In fact, the story scarcely stood up. The distraught woman gave a dreadful impression on the broadcast media and, to the chagrin of the rag in question, it found itself quite on the wrong side of public opinion. There was a real backlash of sympathy for Mr Brown, who had not meant to hurt anyone and was bewildered to find his good taken for evil.

…Admittedly, being Leader of the Opposition is about the most horrible job in public life. Some truly great Prime Ministers, such as Clement Attlee or Margaret Thatcher, were pretty hopeless at it. But David Cameron has so far failed to convince us he is a man of genuine conviction and substance.

He has not yet sealed the deal with British voters. Since New Year, his leadership has been marked by an unnerving timidity, while Gordon Brown – especially since the last, laughable, failed coup against him – has, remarkably, regained the initiative.

The next few weeks are the most important in Mr Cameron’s life. Time is fast running out for him to show us who he really is…

The article then invites readers to email John MacLeod at jm.macleod@btinternet.com I will be sending one to tell him he can help to ensure Cameron does not become PM by donating £7.50 to Labour in the purchase of The Blair Years by clicking on http://www.alastaircampbell.org/blog.php.

He should get two. One for Dacre. I’ll put in a nice dedication. Honest.

  • Andy T

    Macleod is on dangerous ground – that’s seditiously fair and well-reasoned. Looks like mutiny in the ranks, he will be drummed out. Balance must be restored, Macleod must be transferred to the “X causes cancer” desk immediately for re-education.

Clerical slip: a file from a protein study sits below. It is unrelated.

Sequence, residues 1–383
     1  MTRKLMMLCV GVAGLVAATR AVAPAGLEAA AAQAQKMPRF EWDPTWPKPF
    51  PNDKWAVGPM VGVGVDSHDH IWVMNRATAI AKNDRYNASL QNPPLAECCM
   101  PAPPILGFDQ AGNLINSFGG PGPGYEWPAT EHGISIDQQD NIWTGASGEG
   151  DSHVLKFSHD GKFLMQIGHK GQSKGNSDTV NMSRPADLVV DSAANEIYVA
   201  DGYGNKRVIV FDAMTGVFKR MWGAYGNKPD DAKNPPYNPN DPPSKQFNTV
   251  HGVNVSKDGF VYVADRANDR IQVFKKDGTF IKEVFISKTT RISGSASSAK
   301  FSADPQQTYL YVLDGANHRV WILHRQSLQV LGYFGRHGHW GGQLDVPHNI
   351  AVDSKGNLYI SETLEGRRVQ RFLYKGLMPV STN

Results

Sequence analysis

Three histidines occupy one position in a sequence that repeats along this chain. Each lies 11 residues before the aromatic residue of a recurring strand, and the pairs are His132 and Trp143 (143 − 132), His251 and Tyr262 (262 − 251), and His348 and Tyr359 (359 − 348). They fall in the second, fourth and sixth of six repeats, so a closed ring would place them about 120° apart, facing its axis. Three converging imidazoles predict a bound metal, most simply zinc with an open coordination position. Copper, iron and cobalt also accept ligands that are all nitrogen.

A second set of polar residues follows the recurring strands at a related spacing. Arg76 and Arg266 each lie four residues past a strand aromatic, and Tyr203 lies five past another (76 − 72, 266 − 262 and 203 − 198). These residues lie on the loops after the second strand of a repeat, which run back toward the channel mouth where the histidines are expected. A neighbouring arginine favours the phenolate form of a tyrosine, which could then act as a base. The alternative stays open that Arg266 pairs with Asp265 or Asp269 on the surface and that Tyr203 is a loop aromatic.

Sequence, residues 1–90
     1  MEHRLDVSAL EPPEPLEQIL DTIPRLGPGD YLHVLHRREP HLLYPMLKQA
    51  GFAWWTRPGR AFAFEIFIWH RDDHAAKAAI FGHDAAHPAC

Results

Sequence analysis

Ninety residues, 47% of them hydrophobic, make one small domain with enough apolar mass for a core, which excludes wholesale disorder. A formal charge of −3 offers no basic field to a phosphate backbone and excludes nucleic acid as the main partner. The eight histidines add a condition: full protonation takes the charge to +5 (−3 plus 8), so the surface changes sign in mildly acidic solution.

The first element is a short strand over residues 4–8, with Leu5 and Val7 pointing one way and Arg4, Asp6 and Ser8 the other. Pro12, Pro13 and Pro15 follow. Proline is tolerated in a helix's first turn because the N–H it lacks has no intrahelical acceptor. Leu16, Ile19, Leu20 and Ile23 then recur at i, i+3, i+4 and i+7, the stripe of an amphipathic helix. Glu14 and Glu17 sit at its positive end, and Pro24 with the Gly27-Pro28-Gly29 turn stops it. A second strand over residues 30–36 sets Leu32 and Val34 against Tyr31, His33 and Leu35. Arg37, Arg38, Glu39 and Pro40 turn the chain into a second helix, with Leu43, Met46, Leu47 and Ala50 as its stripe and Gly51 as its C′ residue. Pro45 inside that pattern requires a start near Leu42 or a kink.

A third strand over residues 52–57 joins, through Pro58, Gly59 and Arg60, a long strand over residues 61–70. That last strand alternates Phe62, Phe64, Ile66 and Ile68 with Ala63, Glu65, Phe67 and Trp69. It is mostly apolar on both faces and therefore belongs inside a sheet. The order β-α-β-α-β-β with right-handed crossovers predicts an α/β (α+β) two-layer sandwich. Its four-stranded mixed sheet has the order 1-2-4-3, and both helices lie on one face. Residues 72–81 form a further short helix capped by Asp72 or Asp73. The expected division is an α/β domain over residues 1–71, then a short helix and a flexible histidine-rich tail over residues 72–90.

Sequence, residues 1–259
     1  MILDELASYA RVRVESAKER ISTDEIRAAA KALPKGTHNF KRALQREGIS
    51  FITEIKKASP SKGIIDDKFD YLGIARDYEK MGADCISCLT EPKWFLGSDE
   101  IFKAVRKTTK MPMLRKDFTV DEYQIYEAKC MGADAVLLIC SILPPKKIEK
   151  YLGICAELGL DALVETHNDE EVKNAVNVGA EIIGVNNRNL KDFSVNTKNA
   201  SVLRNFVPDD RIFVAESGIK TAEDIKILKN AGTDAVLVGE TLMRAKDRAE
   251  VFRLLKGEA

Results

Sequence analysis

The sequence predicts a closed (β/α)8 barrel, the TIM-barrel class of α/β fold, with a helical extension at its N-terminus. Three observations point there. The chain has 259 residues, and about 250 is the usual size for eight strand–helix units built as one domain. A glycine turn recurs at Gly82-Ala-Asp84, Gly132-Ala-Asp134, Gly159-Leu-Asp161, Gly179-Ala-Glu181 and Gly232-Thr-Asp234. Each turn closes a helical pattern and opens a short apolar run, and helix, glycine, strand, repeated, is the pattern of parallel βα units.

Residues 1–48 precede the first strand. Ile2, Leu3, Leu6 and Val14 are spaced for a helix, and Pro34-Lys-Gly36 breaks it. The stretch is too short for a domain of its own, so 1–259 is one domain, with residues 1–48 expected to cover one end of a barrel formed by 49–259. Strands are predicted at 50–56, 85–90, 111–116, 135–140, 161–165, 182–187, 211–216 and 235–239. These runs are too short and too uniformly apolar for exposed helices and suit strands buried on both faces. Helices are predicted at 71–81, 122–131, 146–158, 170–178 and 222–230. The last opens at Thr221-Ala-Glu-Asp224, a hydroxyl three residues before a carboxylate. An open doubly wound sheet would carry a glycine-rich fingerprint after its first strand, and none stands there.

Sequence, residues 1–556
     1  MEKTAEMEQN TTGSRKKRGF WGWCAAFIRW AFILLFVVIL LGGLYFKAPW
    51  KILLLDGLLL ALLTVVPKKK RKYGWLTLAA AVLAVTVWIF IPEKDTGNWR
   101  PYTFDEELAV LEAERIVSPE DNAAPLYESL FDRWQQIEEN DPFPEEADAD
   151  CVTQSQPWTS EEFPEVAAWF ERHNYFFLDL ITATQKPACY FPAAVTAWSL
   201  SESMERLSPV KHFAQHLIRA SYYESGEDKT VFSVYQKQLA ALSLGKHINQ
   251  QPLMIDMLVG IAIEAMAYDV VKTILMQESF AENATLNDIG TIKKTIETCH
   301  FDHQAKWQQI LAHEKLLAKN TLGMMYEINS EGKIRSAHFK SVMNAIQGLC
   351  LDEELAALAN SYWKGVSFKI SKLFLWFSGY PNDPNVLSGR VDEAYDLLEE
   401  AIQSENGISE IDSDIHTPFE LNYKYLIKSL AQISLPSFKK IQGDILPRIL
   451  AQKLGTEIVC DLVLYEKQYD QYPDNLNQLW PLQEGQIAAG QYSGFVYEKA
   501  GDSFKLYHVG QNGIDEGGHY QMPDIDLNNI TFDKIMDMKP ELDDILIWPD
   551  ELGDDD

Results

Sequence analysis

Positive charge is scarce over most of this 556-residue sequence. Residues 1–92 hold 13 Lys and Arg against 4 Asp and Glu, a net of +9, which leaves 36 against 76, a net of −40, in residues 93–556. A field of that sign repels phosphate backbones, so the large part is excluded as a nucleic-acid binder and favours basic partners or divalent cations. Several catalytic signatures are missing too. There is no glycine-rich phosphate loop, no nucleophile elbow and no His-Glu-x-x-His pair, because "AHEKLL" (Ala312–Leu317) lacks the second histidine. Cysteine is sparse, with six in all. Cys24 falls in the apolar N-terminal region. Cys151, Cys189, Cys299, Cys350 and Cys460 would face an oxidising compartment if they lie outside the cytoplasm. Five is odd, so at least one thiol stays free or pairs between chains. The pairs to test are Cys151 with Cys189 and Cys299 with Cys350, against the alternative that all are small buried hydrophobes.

• Shibley Rahman

    Hi Alastair,

    I do not share your opinions of the Daily Mail, and, for what it’s worth, sometimes I feel that you don’t either.

    That quickly aside, I would like to come onto the main substance of your blog this morning. After another interesting Question Time yesterday evening, I happened to catch David Mellor expressing unease at how David Cameron was doing. Nobody could fail to observe Mellor’s open criticism – that he does not know basically whether Cameron is a Thatcher or a Macmillan. Nobody does. The general sentiment is that smiling a lot won’t actually win many votes; nor win many hearts of the voters come May 6th.

    It’s David Cameron’s remarkable inability to ‘seal the deal’ which has been picked up by a number of prominent newspaper editors recently; so much so, as Melanie Phillips from the Daily Mail alluded to last night, this is the sort of stuff that the public is genuinely interested in and which can sell papers. The airbrushed poster (of which there are 80,000 versions last time I checked) has exposed an unease about David Cameron’s narcissistic approach to electioneering, raising concerns in the minds of the electorate (not simply voters) that the Conservative Party is really the Cameron Party.

    Most political pundits would concede now that we are really in ‘hung parliament’ territory at present, with it very unlikely that David Cameron can confidently predict a working majority. The reason for this is well known. Cameron does not want to nail his political colours to the Thatcher flag, in case of offending those voters who did really abhor a lot of what she did in the 1980s like me.

    So keep up the good work guys. I can only watch but my heart’s with you.

  • Gerry

    …Scottish Secretary? The mutter from the gutter is that Forsyth might be being “groomed” and set to return…not a pleasant thought – and, should it be true, giving credibility to a return to Thatcherism under “Thameron”.

    BTW, enjoyed the launch, and am thoroughly enjoying Maya.

  • Chris lancashire

    Shibley Rahman: “Hung Parliament”? Dream on. Continue to clutch at this particular straw but it isn’t going to happen. The electorate will consign this, the worst Administration this country has seen, to political Siberia.
    And however bad Cameron could be as PM he will never approach the depths of duplicit, corrupt, lying and plain incompetence that the Blair years managed.